The enthusiasm for GPT-3 is exciting, worrying and a bit sad.
It's exciting because technology is advancing, and people are finding new things to do with it.
It's worrying because very smart interpreters of technology are seeing GPT-3 as a sign of imminent artificial general intelligence, AGI - which reveals too little attention to what intelligence is, and how or if computers might get it.
GPT-3 is as much evidence of machine intelligence as a mirror, or a radio, is evidence of machine intelligence. What GPT-3 is revealing, or rather reflecting, instead is the vastness, depth, and diversity of human intelligence.
When you look in a polished mirror, you see and understand the world reflected back to you, in as much detail and meaning as your eyes and mind can resolve.
But is a mirror a machine? Is it smart? That would be a very strange conclusion: not only is the mirror not 'doing' very much at all, the real work, the work of seeing and understanding, is being done by the ... the human looking in the mirror.
What is very worrying about the GPT-3 enthusiasm is the misunderstanding of how it generates valid output. It doesn't do it through any a priori knowledge of the world, or any synthesis of core principles, or any evolutionary reflection that might analogize to human thought. It just reflects back what it has been successively told are the best bits of human intelligence.
What people are seeing, when they watch GPT-3 'code' or 'draw' from natural language inputs is the miracle of ... watching human capacity being synthesised. The output is direct transfer of pre-existing human intelligence. This is the Digital Turk.
Would we say that a robot had learned to cook, or developed a taste for quality food, if it could generate perfect new recipes by accurately synthesising the weights, measures, ingredients, cooktimes, of all previous cookbooks - but had never baked or eaten a cake? No. We would be - we are - watching a cataloguing exercise, not a Michelin star in the making.
Mirrors, on first sight, are fascinating and profound for human culture, and interesting and useful under continuous use. Einstein included a mirror in many of his thought experiments, as a technical and conceptual aid to science progress. But he didn't claim it contained any special essence, or insight, or cognitive capacity.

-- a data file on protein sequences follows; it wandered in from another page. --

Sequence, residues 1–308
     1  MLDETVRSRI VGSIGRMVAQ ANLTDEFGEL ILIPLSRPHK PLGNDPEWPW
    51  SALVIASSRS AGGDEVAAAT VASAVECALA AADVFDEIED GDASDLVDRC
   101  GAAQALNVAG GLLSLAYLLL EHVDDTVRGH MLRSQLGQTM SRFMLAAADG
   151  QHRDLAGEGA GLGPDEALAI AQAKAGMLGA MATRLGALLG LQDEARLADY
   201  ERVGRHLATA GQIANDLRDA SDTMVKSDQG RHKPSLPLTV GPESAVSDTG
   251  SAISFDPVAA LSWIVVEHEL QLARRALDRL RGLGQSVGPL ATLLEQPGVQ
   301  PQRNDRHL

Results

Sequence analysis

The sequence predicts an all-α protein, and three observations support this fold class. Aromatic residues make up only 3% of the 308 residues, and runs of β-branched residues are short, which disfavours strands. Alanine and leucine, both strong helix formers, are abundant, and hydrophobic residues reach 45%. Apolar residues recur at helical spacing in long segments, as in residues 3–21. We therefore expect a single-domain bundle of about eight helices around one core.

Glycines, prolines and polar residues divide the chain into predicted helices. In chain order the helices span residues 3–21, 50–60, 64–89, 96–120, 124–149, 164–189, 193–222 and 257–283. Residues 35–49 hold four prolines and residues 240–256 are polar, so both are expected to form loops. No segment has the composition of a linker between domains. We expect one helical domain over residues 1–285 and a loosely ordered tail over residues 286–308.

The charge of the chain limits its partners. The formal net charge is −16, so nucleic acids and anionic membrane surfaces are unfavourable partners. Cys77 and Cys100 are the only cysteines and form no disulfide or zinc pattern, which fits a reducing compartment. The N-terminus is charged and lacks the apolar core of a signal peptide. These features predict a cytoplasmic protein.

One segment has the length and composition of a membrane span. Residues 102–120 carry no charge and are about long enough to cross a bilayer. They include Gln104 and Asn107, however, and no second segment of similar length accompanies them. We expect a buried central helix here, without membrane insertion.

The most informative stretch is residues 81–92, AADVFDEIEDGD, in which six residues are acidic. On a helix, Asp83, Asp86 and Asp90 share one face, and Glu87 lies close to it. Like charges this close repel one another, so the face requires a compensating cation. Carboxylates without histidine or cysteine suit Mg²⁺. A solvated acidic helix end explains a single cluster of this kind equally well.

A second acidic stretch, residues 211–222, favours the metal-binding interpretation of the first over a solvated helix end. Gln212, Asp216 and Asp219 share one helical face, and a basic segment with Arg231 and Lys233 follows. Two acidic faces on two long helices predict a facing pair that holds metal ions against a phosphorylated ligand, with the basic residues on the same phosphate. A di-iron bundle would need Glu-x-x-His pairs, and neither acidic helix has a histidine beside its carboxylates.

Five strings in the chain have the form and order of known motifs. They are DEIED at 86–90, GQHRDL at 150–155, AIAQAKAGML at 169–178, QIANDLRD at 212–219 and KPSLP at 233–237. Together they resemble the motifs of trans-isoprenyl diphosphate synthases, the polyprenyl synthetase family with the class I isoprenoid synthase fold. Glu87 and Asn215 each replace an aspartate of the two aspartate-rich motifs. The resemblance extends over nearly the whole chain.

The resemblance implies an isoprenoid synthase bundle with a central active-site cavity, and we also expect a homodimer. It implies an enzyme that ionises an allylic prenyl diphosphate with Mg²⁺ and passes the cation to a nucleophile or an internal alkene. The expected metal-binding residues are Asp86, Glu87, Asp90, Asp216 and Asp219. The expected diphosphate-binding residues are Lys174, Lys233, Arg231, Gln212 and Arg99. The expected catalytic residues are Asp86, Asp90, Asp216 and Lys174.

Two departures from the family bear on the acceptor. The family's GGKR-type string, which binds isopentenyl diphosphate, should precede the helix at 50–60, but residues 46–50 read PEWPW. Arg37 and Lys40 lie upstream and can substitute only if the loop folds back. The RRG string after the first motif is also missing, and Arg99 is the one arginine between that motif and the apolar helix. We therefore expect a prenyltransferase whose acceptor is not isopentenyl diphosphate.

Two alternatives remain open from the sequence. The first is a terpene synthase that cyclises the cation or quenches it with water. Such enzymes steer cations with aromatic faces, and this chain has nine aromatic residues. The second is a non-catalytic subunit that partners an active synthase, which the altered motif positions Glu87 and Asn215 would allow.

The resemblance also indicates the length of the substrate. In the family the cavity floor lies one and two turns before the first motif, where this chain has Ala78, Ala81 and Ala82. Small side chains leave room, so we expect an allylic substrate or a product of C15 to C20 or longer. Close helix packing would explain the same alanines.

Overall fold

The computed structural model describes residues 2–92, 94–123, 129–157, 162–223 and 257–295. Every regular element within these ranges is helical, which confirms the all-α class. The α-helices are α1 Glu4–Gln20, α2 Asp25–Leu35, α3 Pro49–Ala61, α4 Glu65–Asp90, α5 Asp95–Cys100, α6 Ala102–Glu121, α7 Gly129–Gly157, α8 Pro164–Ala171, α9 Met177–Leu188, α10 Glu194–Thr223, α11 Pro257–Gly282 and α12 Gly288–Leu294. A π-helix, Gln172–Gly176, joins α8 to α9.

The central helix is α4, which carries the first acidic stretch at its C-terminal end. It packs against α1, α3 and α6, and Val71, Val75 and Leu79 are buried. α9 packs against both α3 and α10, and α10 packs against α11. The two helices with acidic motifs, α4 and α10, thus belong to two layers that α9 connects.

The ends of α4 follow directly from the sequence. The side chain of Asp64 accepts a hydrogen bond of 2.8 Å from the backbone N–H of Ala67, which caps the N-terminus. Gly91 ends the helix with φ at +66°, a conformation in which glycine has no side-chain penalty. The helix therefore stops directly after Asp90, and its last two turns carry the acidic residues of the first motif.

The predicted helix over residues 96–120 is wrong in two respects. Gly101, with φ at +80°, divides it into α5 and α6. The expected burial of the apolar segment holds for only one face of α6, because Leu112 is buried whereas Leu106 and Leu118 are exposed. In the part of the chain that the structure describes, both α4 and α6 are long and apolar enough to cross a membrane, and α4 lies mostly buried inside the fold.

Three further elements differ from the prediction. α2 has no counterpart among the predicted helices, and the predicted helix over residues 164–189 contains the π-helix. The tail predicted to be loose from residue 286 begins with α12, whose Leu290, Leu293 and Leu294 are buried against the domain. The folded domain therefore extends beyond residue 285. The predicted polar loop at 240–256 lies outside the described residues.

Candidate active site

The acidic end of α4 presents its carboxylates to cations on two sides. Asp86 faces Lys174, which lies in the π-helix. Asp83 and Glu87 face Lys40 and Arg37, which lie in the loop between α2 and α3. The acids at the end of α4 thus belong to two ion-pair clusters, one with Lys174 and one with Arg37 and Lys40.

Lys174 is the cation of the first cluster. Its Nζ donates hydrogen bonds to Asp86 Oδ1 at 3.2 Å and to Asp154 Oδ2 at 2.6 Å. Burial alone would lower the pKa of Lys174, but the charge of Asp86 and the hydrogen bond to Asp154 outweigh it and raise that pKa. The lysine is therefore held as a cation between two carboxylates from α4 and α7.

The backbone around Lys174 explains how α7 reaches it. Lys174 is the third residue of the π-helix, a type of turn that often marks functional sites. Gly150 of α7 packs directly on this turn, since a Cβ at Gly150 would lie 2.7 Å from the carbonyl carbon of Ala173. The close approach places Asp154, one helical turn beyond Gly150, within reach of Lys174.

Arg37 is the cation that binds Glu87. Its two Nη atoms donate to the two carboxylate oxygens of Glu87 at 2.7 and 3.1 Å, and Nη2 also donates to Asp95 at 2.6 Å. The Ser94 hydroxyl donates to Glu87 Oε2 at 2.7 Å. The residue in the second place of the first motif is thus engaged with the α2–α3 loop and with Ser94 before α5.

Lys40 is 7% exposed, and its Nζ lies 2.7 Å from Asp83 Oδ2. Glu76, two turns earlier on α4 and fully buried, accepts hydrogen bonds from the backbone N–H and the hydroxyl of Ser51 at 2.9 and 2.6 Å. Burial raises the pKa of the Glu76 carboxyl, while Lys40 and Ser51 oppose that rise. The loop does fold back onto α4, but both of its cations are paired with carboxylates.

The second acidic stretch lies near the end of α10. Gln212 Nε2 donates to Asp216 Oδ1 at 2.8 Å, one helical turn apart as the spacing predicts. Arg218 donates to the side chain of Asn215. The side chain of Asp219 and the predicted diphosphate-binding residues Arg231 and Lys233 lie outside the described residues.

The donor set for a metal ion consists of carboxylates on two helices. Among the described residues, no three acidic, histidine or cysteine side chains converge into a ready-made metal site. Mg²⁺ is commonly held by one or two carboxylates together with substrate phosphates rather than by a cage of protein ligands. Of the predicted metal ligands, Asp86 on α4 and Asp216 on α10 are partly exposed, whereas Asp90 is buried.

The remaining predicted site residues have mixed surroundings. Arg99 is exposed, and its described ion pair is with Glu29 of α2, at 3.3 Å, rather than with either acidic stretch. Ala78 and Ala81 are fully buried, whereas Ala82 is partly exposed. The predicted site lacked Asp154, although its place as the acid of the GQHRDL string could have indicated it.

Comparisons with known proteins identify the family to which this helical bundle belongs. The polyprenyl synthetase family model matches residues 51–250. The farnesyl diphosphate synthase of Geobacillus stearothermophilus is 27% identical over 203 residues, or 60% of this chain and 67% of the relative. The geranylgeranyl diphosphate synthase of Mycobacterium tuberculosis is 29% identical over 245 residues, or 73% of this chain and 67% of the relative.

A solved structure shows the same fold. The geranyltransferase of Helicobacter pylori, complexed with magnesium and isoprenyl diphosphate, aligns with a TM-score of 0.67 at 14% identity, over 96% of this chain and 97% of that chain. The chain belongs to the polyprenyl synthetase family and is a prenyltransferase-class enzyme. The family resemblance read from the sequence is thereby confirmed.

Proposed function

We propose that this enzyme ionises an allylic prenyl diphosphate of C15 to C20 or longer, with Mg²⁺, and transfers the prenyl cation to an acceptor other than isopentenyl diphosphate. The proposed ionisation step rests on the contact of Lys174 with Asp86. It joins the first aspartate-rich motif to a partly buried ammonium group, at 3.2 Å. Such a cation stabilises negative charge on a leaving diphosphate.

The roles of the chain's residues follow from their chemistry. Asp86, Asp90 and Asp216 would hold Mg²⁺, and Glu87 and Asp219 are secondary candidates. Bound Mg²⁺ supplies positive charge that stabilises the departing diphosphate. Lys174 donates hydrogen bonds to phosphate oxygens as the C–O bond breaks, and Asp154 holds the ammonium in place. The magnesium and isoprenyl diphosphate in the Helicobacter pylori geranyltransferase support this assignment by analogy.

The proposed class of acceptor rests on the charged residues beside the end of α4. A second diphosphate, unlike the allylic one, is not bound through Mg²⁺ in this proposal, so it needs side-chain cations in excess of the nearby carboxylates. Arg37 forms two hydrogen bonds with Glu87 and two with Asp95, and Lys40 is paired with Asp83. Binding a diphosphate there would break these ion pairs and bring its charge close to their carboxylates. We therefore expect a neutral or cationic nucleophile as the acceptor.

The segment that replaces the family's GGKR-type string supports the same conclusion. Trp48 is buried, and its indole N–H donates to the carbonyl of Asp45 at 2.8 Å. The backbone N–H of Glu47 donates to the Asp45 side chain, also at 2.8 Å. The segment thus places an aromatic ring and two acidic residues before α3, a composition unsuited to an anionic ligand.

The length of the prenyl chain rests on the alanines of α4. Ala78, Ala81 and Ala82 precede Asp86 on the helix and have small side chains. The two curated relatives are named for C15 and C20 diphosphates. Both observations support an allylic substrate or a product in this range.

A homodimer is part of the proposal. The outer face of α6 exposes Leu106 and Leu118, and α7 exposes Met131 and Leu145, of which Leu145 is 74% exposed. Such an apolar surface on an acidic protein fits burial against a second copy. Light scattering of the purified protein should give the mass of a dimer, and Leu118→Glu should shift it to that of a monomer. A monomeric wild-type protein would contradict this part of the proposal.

When GPT-3 reflects back synthesis of human intelligence, it's like the beginnings of mirrors as a social phenomenon and as technology. We learn things about ourself, we bring features in and out of focus. Progress is truly happening. But in doing so, mirrors aren't becoming smart: humans are. We have found another level of the radiant human cognition, not a machine with mind.
Why people want to see this as the beginning of non-human intelligence, rather than a deepening of human intelligence is incomprehensible to me. Other than noting that maybe all technology and science is really, subliminally, evidence of the human race's urge to understand itself as much or more than the environment.
Where machine intelligence would begin to be in evidence, would be in the iterative refinement of knowledge by computers without human involvement. GPT-3 is not this, and this is for the inverse reason: if a computer tried to show us a non-human intelligence, how would we know what we are seeing?
This is a reason why GPT-3 hype is sad: not only is it mistaking the synthesis and reflection of human intelligence for machine intelligence, it is missing the opportunity to discover what a real machine intelligence might be like.
The collapse of credibility in this enthusiasm is in part based on the lack of an explicit meta-model which can be interrogated. GPT-3 is not even at Turing Test levels of coherence, if you were to try to 'ask it' why it made the choices it made.
But the failure to understand GPT-3's relevance is more at the very foundations of intelligence, which enthusiasts of AI and AGI absolutely refuse to engage with: the nature of agency, identity, will, autonomy. These are concepts that are distinct from information processing, they are the realm of the subjective, and as such hard to convert to objective paradigms.
But without them, it's impossible to see how computational cataloguing and synthesis tools, that cannot be interrogated at one level of remove - why did you make this choice, what does it mean, what do you think without reference to a prior catalogue - are close, or even have anything to do with, human intelligence.
Computational linguistics, of which GPT-3 is a part, has not only not destroyed the value of Chomsky's initial questions - how do we know so much from so little, and how can we communicate it so well? - they have made them a shining mountainside of enquiry that we aren't even bothering to climb any more.
When Marconi made the first radio transmissions, the sense of magical breakthrough was not that he had contacted another, new technical species: rather that he had contacted another human. The ghost in the machine is us.